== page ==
1/9/17

Fr. Richard Rohr's theme for the year

Fr. Richard Rohr is the founder of the Center for Action and Contemplation, down in Albuquerque. He is one of our favorite writers and thinkers.

Fr. Richard sets the stage for the year's meditational theme, with today's blog posting.

You can find it here, along with the means to sign up for his daily mediations and other thinkings, here.

This meditation is longer than usual, but I think it will give us a solid foundation to build on in the year ahead. I want to state at the beginning the way I have formed my own pattern of interpreting Scripture. Then we can build “from the bottom up” (which is our theme for the year).

Hermeneutics is the technical word for a method of interpreting sacred texts. If someone does not have a consistent and declared hermeneutic, their understanding of Scripture is whimsical and subjective. A good and solid biblical teacher must come clean about their manner of interpretation early on, or you have no foundation for trusting what they say. Just saying, “It is in Scripture,” as most do, is largely meaningless, because anyone can find a workable “proof text” for whatever they want to believe somewhere in the Bible. This is why many have so little trust in Christians today.

We will move forward on our “tricycle” of faith only with three good wheels:  Tradition, Scripture, and Experience. (This week we will discuss Scripture; the following two weeks we will explore Tradition and Experience.) If we leave off any of these three wheels, our interpretations of Scripture and reality will be unstable and biased according to our egoic need of the moment.

Christians who say “only Scripture” end up being unconsciously dishonest and inconsistent, because they are relying on their own “tradition” of interpreting those Scriptures (without acknowledging it). Even more importantly, we must recognize that we cannot not rely upon our own experience. There is no such thing as a completely unbiased opinion! Since we all use tradition and experience anyway, why not admit it and thereby hold ourselves accountable?

Let’s all start being honest, or we end up saying, in effect: “We have a tradition of not believing in tradition!” Catholics loved to say we relied upon the Great Tradition, but this usually meant “the way we have done it the last hundred years here in Italy (or England or Germany, etc.).” What we consider “sin” changes every century or so. Most of our operative images of God come primarily from our early experiences of authority in family and culture. Then we find the Scriptures to validate them!

If we try to use “only Scripture” as our methodology, we will get stuck early on, because many passages give very conflicting and even opposite images of God. I believe that Jesus only quoted those Scriptures that he could validate by his own experience. At the same time, if we humans trust only our own experiences, we will be trapped in subjective moods and personal preferences. But if we can verify that at least some holy people and orthodox teachers (Tradition), and some solid Scripture also validates our own experiences, we can be more confident that we are in the force field of the Holy Spirit and participating in God’s sacred work in this world. This is how we know inside “the communion of saints,” as the Apostles’ Creed calls it.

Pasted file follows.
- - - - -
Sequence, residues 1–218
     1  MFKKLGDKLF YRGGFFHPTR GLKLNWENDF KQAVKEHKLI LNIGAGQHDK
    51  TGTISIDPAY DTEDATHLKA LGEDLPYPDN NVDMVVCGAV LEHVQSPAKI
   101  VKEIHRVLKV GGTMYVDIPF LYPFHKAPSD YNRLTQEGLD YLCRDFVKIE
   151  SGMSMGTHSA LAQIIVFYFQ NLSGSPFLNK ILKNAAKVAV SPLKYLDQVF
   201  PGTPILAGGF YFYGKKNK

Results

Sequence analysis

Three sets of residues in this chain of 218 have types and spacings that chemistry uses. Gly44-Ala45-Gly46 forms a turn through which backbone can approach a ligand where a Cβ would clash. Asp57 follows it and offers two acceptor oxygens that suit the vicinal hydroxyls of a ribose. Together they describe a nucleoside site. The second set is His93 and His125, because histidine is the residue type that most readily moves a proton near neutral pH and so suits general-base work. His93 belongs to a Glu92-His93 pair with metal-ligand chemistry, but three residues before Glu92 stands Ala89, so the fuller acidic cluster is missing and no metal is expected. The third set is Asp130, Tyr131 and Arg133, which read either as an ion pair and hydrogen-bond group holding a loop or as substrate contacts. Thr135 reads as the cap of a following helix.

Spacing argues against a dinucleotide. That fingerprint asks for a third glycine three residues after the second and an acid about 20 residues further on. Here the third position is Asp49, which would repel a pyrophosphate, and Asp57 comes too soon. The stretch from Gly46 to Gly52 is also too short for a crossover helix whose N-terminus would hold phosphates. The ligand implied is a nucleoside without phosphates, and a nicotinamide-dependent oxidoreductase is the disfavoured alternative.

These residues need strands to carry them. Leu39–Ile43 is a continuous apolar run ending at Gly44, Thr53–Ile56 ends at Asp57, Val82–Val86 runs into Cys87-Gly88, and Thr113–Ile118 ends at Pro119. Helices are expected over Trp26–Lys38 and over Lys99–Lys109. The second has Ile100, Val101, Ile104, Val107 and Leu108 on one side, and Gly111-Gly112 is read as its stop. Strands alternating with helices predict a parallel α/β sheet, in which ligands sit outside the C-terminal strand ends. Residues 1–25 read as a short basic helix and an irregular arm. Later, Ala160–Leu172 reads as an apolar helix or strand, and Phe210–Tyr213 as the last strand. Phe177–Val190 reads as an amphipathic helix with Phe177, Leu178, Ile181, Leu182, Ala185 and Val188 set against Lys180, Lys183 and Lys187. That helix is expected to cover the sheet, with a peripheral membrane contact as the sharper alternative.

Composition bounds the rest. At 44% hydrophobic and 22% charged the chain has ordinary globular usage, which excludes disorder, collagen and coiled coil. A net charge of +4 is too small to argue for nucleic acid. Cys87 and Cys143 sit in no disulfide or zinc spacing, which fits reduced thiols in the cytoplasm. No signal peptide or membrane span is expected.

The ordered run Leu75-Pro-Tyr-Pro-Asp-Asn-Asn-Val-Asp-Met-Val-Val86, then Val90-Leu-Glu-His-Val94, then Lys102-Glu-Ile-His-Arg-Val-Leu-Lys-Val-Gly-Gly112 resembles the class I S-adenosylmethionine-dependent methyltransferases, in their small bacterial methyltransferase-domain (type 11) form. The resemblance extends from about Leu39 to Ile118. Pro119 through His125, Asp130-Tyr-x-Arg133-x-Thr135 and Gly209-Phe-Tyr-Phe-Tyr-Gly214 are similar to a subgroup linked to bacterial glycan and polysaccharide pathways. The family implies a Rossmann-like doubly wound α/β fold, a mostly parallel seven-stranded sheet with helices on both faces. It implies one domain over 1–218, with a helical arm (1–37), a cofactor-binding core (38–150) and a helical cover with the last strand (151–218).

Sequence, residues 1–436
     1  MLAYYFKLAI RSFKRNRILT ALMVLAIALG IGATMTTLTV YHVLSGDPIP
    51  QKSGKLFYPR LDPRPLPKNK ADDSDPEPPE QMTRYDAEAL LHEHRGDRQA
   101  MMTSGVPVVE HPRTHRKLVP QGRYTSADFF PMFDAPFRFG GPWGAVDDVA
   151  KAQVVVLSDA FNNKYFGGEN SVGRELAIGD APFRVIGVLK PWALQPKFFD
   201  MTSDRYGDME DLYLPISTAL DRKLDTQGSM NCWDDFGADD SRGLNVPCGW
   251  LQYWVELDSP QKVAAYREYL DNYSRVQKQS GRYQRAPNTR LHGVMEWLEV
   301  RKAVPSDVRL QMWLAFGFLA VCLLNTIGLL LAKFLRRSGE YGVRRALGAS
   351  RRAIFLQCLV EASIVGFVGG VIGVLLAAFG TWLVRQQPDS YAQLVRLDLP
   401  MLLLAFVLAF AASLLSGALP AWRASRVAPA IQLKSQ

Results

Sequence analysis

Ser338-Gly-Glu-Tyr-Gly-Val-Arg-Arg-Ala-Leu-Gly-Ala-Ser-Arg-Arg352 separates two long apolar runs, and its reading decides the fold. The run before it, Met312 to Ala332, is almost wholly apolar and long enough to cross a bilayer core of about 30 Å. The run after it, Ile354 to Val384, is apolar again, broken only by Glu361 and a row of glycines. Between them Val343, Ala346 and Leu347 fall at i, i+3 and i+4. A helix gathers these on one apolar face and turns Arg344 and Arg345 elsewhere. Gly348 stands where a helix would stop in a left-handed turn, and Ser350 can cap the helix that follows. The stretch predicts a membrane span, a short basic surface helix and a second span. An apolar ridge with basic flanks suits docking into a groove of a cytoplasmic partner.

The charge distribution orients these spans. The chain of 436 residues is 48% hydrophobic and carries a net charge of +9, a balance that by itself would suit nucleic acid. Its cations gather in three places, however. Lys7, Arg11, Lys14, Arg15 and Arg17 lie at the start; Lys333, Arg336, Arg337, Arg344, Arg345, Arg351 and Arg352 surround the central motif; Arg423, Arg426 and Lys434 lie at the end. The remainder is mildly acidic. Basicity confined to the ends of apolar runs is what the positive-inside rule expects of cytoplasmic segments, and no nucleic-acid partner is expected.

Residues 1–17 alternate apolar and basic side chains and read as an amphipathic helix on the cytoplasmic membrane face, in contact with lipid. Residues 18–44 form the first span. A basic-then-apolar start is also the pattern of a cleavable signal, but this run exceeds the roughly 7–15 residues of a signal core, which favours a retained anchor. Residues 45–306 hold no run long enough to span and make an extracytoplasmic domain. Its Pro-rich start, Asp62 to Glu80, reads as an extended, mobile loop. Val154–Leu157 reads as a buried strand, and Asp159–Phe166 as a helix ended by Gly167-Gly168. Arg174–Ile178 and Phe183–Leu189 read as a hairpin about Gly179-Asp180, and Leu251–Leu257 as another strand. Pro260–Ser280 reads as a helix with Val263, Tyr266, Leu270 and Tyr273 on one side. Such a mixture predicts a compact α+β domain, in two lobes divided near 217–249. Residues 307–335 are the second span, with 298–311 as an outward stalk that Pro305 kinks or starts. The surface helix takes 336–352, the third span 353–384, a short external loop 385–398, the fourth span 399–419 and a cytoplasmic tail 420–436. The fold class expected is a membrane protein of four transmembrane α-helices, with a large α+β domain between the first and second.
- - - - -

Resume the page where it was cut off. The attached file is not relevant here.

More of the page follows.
Jesus and Paul clearly use and build on their own Jewish Scriptures and Tradition, yet they both courageously interpret them through the lens of their own unique personal experience of God. This is undeniable! We would do well to follow their examples.

I’ve often said the Bible is the best book in the world and the worst book in the world. It is the worst when it is used for bullying and self-justification; it is the best when it is used for the healing of the world and for transformation of the self. Obviously, God intended the latter.

My methodology and hermeneutic is almost too simple: I will try to read Scripture and Tradition the way that Jesus did. This is precisely what Christians should mean when we speak of understanding the Hebrew Scriptures “in the light of Christ.” This is not “supersessionism” (the belief that Christianity supersedes Judaism); it is just healthy developmental thinking. In this way, there is no such thing as an “Old Testament” because now it can always be fresh and timely! If Jesus (who of course was Jewish) is our interpretive key, it demands that we take Jewish texts and history more seriously than ever before, which will allow us to appreciate the actual context and culture inside of which Jesus taught, but to also recognize the trajectory that they—and the Christian Scriptures—create forward!

To take the Scriptures seriously is not to take them literally. Literalism is invariably the lowest and least level of meaning. Most biblical authors understood this, which is why they were free to take so many liberties with what Westerners would call “facts.” In many ways, we have moved backward in our ability to read spiritual and transformative texts. I am afraid we have for too long used the Bible merely to prove various church positions, which narrows its range and depth. Instead of transforming people, the Bible has become merely utilitarian and handy ammunition against others.

Serious reading of Scripture will allow you to find an ever-new spiritual meaning for the liberation of history and your own soul. You discover that the text holds truth on many levels, instead of trying to prove it is true on mere factual or historical levels. Sacred texts will always maximize your possibilities for life, love, and inclusion, which is precisely why we call them sacred.

Gateway to Silence:

Your word is a light for my path. —Psalms 119:105

References:

Adapted from Richard Rohr, Yes, And . . . : Daily Meditations (Franciscan Media: 2013), ix-x; and

Scripture as Liberation, disc 1 (CAC: 2002), MP3 download.